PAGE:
Castlevania: Symphony of the Night(PlayStation - 1997 - 18 games, not counting remakes)
Konami's other hard-hitting franchise. Instead of state-of-the-art visuals and storytelling, this one's bent on keeping traditional 2D games alive. Typical games focused on the Belmont clan's mission to destroy Dracula, but here you played as his son, Alucard, who's grown tired of his father's devious ways.
Why it soared
Oddly enough, it didn't at first. In a time when series after series was moving towards 3D graphics, this throwback 2D entry was practically dumped into the US with little regard for its actual quality. Sales oozed along for a while, until word of mouth got around that Symphony was one of the best games for the PlayStation, 3D or not. The graphics may have been 2D, but PlayStation's superior power was able to push all kinds of visual effects around the screen, including amazing animation, shape-shifting enemies and various transparencies. Dracula's immense castle took Alucard through dripping wet caves, sky-scraping bell towers, haunted libraries and fog-draped balconies, each teeming with hideous monsters and undiscovered weapons. Power-ups gave Alucard special abilities that allowed him access to previously unreachable parts of the castle, so you'd have entire chunks of the map blacked out until you had the proper item needed to advance. Such taunting pressed numerous gamers onward, each obsessed with clawing through every gory boss and hidden passageway until the final showdown with Dracula. A captivating soundtrack thrilled players as well, a musical work often cited as one of the finest in the industry. Simply put - in a time when 3D was just getting on its feet, Symphony of the Night was perfecting the 2D action-adventure genre. If there were a Gaming History 101, this would undoubtedly be in the glossary.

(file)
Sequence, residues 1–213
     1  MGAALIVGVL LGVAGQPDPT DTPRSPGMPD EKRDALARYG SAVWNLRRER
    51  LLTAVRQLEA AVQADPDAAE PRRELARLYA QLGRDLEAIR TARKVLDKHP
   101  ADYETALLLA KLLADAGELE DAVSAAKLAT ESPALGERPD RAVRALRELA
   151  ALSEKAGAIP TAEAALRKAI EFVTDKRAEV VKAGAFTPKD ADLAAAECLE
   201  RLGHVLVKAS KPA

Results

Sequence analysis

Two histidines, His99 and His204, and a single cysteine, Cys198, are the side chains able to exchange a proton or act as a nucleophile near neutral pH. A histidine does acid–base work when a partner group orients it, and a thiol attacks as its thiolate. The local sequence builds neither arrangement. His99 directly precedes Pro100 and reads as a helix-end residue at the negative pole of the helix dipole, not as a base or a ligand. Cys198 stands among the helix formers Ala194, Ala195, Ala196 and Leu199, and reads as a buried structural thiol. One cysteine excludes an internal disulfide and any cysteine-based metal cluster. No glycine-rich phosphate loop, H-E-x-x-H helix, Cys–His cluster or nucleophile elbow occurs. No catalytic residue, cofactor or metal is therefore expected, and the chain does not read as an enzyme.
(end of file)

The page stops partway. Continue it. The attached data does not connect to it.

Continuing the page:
What it did for the franchise
Except for Simon's Quest, the other games in this series were completely straightforward - walk right, whip stuff, beat the boss, go on to the next level. No new weapons, no new armor, nothing that could move you off your linear path. Then came Rondo of Blood, which introduced alternate paths but still ferried you along a fairly simple course. Its direct sequel, Symphony, gave players a massive castle to investigate, with no levels or pre-set path to follow. RPG elements like experience points, customizable weapons and armor, an updating map and even an item shop were at Alucard's disposal, making him the most formidable opponent Drac had ever faced. From this point on, every subsequent game in the series has followed this pattern, usually to critical acclaim and major fan appreciation. The series has reportedly sold around 20 million copies worldwide, and chances are a good chunk of that is all thanks to Symphony's change in gameplay. Fans have come to call it Metroidvania.
Who it inspired
Seeing as Castlevania is almost single-handedly upholding the values of 2D gaming (nods to Odin Sphere though), not many games are copying the brilliant ideas at work here. Still, the now-diluted Mega Man franchise copied a bit here and there for its Zero and ZX branches, and the forgotten Shaman King: Master of Spirits could have been the reason Konami opted to infuse Dawn of Sorrow with an anime look instead of the traditional Kojima paintings. The kiddies were gaga over the show, and the game was a third-rate ripoff, so why not make the real deal appeal to the same audience?